iStock/Thinkstock(WASHINGTON) — House Democrats will vote on several leadership positions this morning for the upcoming Congress, as the party licks its wounds and sets its sights on the future after a disappointing November election.
The party’s new leaders will be chosen in a private meeting using secret ballots Wednesday, after current leaders decided to to push back the voting amid rumblings from some members that a pause and possibly a new leadership could be good for their caucus.
Members will elect a new Democratic leader, caucus chair, whip, and caucus vice chair, though only the leader and vice chair positions are currently contested.
Current Caucus Leader Nancy Pelosi, D-Calif., is expected to win her job back, but is facing a challenge from Tim Ryan, D-Ohio, who argues that younger members with a vision for expanding the party’s economic message and geographical outreach is key to the party’s future electoral and legislative success.
Pelosi has led the House Democrats for 13 years. She was the first female speaker of the House, from 2007-2011, and she served as whip before then. In 2010, she defeated former Rep. Heath Shuler, D-N.C., to keep her seat after a wave of Tea Party members cost her party the majority in the House.
Reps. Linda Sánchez and Barbara Lee are facing off for caucus vice chair (both women of color and from California). Rep. Steny Hoyer, D-Md., running unopposed to keep his position as Democratic whip and Rep. Joe Crowley, D-N.Y., hopes to be caucus chair after having served as vice chair.
After the Nov. 8 election, about two dozen members signed a letter asking Pelosi to bump back the caucus’s leadership election. Even more grumbled that rushing into it looked tone deaf. Pelosi conceded that point, but was quick to announce that she enjoyed two-thirds of the cause support. She also rolled out endorsements from MoveOn and other progressive groups.
Ryan has said repeatedly that he thinks Pelosi is inflating her support. So far, 11 members have come out publicly to back him.
Just this week, Pelosi announced that she would include a representative from the freshmen class to serve as part of the House Democratic leadership, but she also renamed Rep. Ben Ray Luján, D-N.M., to serve as chair of the Democratic Congressional Campaign Committee again, despite the fact that Democrats only picked up six seats this go-around and many in the party suggested it should be an elected position.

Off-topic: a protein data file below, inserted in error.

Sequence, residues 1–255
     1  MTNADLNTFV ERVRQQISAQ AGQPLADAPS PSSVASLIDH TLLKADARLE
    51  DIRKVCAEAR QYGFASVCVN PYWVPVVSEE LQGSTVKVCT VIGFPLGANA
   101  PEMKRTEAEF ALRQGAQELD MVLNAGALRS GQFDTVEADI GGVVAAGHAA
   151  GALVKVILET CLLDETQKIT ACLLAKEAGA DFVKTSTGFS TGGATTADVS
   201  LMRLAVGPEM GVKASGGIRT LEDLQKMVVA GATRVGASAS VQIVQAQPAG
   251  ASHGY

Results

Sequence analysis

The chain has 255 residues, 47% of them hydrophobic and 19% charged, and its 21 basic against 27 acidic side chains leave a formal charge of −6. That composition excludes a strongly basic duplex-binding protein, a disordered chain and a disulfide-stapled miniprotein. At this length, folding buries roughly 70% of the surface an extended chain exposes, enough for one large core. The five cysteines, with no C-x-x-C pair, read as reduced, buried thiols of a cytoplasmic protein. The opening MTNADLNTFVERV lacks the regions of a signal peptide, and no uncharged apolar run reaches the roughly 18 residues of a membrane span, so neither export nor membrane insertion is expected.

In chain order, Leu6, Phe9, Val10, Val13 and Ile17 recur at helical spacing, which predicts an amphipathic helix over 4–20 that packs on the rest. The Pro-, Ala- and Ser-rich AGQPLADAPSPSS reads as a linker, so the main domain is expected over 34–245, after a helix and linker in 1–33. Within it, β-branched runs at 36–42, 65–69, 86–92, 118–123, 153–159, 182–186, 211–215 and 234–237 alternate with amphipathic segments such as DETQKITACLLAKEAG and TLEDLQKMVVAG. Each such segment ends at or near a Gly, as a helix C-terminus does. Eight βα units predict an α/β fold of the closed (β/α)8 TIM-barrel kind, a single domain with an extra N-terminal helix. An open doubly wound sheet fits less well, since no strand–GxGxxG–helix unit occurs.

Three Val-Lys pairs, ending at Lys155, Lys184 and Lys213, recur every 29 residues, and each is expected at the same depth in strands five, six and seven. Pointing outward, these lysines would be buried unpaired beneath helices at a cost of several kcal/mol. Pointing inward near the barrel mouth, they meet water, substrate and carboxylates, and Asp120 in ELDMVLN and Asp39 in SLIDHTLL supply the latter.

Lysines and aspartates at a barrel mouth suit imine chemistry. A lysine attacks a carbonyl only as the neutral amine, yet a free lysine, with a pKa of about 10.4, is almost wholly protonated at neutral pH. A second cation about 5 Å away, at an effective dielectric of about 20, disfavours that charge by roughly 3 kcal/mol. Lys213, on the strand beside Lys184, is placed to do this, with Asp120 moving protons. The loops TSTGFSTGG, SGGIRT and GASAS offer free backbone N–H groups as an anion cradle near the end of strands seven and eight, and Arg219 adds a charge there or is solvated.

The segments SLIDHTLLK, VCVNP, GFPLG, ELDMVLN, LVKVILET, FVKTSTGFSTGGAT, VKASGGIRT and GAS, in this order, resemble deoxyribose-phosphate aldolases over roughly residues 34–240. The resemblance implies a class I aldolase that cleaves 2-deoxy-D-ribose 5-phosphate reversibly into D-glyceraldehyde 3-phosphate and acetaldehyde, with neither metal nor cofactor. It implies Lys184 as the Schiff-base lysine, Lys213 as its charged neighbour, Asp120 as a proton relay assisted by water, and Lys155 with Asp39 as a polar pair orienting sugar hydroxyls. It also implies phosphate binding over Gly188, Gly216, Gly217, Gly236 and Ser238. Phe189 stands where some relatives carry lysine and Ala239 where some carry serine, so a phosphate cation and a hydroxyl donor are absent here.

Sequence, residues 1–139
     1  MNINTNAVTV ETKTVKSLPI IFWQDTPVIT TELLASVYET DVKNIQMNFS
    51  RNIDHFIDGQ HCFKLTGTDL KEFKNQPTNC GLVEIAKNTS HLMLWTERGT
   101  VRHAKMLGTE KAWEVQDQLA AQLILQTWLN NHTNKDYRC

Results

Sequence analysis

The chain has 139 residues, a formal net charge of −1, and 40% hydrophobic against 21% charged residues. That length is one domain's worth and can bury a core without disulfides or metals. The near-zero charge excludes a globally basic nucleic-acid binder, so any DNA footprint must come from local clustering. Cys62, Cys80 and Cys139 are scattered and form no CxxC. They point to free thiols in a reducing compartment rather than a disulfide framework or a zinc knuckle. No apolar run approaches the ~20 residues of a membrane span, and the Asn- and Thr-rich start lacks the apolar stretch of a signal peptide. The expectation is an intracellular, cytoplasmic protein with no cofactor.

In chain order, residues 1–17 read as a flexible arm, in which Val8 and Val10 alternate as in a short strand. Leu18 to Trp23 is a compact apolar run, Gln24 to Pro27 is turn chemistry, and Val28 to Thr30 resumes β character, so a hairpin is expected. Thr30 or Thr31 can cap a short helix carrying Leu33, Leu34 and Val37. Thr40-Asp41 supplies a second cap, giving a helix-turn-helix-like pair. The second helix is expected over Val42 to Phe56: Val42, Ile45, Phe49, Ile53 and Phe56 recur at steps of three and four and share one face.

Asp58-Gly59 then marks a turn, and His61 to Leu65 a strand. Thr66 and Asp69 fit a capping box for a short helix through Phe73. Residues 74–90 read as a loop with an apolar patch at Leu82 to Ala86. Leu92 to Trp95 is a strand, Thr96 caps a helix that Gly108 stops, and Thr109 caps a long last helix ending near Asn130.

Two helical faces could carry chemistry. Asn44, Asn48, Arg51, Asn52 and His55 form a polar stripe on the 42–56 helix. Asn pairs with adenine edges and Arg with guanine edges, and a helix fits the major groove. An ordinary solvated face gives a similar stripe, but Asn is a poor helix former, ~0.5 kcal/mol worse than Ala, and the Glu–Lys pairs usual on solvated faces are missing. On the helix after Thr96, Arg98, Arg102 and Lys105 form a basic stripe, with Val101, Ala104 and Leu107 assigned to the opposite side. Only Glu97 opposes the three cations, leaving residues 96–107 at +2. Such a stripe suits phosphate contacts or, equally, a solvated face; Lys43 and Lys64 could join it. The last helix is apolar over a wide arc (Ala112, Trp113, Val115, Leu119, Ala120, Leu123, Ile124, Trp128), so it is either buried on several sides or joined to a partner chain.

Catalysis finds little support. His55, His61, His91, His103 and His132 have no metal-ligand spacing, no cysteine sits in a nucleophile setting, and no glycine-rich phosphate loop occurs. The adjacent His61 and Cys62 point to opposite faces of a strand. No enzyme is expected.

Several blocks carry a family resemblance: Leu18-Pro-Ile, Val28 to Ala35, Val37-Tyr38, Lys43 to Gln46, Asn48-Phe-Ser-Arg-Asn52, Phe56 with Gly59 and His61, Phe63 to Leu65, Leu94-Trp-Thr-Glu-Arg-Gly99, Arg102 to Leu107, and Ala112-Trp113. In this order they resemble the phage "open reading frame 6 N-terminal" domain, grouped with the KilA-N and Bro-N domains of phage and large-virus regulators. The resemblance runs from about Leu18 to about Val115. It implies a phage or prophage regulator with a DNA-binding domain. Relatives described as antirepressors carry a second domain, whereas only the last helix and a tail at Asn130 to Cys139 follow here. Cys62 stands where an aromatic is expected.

Several staff and members on the Hill rolled their eyes at the move, as the position could have been potentially an easy place for Pelosi to signal she is willing to make some changes.
Earlier this month, Ryan told ABC News, “Donald Trump is the president, that is how bad we are out of touch, that the backbone of our party went and voted for Donald Trump, and I say that’s our fault.” He signaled a desire to reach out specifically to working class and blue collar voters specifically in the Rust Belt.
“This election is not going to be won at fundraisers on the coasts,” the Ohio Democrat told The Wall Street Journal last week. “It’s going to be won in union halls in the industrial Midwest and fish fries in the Midwest and the South.”
His staff has says he spent much of the Thanksgiving break making calls to his colleagues and that they believe it will be a close race.
Rep. Ruben Gallego, D-Ariz., who is backing Ryan, wrote in a statement, “At this critical juncture, we face a choice – will we preserve a broken status quo or will we set our party on a new course?”
Rep. Marcia Fudge, D-Ohio, one of the first to publicly back her Ohio colleague, echoed this feeling, writing, “I believe now is the right time for new leadership. As of January 2016, Democrats have experienced significant losses in the House and Senate, yet Members have been asked for little to no input to address the reasons for these losses … I know Tim to be a good listener, motivator and inclusive leader. He is open to new ideas and will listen to the concerns and suggestions of all Caucus members.”
The White House has not formally weighed in, but President Obama has continued to praise Pelosi since the election, saying last week: “I cannot speak highly enough of Nancy Pelosi. She combines strong, progressive values with just extraordinary political skill.”
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